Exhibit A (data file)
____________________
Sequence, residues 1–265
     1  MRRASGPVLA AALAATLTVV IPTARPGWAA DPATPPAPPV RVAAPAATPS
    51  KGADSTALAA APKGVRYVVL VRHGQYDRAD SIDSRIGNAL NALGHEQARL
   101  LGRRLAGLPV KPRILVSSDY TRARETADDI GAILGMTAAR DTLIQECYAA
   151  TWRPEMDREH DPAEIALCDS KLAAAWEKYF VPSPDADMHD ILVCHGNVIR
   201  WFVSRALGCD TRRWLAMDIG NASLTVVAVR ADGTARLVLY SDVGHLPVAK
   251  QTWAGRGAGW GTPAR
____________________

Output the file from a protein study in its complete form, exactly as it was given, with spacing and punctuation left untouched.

Sequence, residues 1–265
     1  MRRASGPVLA AALAATLTVV IPTARPGWAA DPATPPAPPV RVAAPAATPS
    51  KGADSTALAA APKGVRYVVL VRHGQYDRAD SIDSRIGNAL NALGHEQARL
   101  LGRRLAGLPV KPRILVSSDY TRARETADDI GAILGMTAAR DTLIQECYAA
   151  TWRPEMDREH DPAEIALCDS KLAAAWEKYF VPSPDADMHD ILVCHGNVIR
   201  WFVSRALGCD TRRWLAMDIG NASLTVVAVR ADGTARLVLY SDVGHLPVAK
   251  QTWAGRGAGW GTPAR